A woman in Wyoming caught a rare but serious case of the pneumonic plague from coming in contact with a pet cat.
Although considered a thing of the past, the plague continues to exist in various parts of the world. In recent decades, parts of Africa, Asia, and areas of the western United States have all recorded cases of the disease. The United States reports an average of seven human plague cases every year. The majority of the cases occur in northern Arizona, Colorado, and New Mexico. Now, for the first time since 2008, the state of Wyoming has reported a case of human plague.
On 15th September, the Wyoming Department of Health (WDH) reported the detection of pneumonic plague in a resident of northern Fremont County. The unnamed woman had reportedly caught the disease from an infected pet cat. It is unclear as to how the woman is doing at the moment. However, health officials are tracing contacts and notifying her close contacts of ways to prevent an illness.
Pneumonic Plague – Rare, But Serious
The plague-causing bacteria, Yersinia pestis commonly exists in rodents and is transmitted to humans through flea bites. However, often at times rodents or fleas can also transmit the bacteria to other animals such as cats and dogs. According to the CDC, cats are highly susceptible to plague and cause an infection in their owners. The disease typically transmits through bites, scratches, exposure to fluids, or inhaling of infectious droplets.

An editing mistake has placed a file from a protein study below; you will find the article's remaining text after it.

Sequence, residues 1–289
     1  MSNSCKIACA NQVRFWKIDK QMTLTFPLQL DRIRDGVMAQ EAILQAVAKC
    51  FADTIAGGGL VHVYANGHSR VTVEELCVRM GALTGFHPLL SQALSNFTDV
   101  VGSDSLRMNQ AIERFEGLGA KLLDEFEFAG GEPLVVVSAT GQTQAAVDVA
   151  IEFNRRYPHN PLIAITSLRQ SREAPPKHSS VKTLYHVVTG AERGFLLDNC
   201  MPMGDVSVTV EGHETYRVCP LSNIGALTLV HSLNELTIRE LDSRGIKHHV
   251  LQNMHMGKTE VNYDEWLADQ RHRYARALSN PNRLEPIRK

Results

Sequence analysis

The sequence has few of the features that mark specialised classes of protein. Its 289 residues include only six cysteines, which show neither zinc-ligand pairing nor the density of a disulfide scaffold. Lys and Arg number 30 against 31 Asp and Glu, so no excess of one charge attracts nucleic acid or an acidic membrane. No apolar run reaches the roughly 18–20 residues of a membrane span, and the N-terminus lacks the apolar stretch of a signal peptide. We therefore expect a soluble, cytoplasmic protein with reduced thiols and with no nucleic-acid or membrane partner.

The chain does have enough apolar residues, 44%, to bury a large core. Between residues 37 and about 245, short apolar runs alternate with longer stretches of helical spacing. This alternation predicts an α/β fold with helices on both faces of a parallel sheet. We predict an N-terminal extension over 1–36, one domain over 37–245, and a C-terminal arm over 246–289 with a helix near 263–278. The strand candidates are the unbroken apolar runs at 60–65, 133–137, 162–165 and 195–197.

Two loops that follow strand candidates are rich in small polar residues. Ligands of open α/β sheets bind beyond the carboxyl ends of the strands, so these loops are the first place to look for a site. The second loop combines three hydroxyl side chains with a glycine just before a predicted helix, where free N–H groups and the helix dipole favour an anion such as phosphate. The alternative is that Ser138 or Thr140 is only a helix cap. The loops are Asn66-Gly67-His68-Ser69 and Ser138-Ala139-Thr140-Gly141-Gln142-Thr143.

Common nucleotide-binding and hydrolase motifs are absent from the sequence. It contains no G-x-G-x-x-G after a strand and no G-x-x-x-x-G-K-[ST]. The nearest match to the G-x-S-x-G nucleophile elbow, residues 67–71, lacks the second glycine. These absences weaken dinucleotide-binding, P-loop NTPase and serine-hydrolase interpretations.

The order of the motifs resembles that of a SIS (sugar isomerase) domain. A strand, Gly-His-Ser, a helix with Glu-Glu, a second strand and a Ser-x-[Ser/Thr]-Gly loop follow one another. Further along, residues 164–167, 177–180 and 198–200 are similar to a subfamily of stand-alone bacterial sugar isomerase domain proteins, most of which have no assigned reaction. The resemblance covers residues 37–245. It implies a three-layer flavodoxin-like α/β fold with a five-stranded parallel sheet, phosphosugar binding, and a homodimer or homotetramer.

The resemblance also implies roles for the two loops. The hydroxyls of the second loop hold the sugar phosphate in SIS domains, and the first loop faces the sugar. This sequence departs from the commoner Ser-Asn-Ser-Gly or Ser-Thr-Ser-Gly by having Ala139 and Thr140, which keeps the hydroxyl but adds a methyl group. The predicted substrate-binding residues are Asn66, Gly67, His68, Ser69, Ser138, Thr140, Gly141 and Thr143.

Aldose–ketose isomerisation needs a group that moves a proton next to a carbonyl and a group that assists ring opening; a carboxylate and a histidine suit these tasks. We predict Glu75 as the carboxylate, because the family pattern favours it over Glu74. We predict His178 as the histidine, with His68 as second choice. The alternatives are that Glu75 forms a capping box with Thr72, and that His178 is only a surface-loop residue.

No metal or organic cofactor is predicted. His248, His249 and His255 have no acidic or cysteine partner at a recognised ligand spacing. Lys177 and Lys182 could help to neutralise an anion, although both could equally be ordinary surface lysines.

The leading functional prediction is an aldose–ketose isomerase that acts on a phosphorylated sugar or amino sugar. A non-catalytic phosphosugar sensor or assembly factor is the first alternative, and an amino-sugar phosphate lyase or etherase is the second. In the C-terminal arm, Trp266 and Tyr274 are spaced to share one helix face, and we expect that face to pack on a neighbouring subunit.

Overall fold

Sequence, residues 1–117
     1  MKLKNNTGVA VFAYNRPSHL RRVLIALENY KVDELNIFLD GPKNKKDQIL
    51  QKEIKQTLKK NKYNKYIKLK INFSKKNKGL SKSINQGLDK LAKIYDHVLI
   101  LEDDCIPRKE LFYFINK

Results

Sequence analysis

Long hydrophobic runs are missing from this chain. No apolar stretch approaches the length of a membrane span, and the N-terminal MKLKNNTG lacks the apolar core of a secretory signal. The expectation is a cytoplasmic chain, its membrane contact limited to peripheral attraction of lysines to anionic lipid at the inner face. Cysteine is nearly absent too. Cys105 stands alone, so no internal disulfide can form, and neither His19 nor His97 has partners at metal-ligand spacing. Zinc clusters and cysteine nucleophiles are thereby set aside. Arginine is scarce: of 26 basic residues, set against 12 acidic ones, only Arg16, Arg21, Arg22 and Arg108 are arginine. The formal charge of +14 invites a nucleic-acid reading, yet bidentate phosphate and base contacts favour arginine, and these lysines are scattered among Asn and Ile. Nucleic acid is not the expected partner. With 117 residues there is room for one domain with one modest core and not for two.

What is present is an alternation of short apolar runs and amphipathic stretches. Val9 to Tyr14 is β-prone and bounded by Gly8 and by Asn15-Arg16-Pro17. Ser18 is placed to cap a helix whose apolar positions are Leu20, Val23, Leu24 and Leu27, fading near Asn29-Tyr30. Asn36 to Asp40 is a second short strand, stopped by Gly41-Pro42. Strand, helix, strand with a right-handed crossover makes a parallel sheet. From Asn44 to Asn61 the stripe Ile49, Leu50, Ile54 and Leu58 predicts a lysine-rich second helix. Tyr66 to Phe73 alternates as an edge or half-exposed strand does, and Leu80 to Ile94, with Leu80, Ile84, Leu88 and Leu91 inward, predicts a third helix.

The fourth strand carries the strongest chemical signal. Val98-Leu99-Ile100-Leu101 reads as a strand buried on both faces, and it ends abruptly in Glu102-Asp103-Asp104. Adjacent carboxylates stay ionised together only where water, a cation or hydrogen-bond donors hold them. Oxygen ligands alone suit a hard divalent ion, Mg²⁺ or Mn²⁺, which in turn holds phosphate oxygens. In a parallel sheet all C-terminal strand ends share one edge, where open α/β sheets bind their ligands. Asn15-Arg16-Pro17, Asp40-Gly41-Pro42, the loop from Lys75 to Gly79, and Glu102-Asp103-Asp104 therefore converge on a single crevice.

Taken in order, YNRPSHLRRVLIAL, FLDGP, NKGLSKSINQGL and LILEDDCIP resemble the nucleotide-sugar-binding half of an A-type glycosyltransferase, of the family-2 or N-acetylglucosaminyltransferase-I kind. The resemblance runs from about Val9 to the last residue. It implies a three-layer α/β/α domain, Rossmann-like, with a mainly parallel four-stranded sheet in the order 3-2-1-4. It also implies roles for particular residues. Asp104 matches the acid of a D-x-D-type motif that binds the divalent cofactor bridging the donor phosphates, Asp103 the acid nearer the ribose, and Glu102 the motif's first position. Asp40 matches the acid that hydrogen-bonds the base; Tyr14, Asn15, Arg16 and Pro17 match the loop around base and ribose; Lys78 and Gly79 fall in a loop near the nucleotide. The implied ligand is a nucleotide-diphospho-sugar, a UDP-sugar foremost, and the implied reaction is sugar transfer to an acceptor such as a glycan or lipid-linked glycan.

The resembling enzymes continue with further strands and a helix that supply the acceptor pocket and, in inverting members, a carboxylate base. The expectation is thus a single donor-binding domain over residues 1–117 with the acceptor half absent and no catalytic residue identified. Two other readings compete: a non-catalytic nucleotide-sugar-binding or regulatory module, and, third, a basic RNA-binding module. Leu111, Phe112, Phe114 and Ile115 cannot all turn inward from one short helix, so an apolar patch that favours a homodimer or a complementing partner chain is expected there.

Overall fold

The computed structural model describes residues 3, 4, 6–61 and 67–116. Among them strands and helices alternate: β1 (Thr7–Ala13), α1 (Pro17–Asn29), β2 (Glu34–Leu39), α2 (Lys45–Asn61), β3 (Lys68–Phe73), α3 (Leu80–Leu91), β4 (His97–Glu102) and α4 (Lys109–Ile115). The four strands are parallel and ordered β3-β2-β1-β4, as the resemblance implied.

Plague can present in three forms: bubonic, pneumonic, and septicemic. Bubonic plague is the most common form and causes swollen lymph nodes called buboes. Humans catch the disease through flea bites. If left untreated, it can develop into a septicemic plague. Along with fever, chills and internal bleeding, fingers and toes can also turn black in infected individuals.
On the other hand, pneumonic plague is the rarest, but most serious form of the disease. Moreover, it is the only plague that can spread from person to person through infected air droplets. Along with pneumonia, the individual can also develop chest pain and watery or bloody mucus.
Although a serious illness, plague is easily treated with commonly available antibiotics. However, the earlier the person receives the treatment, the greater the prognosis. Furthermore, post-exposure antibiotics can also be given to people who have come in contact with pneumonic plague patients.
Source: Wyoming Department of Health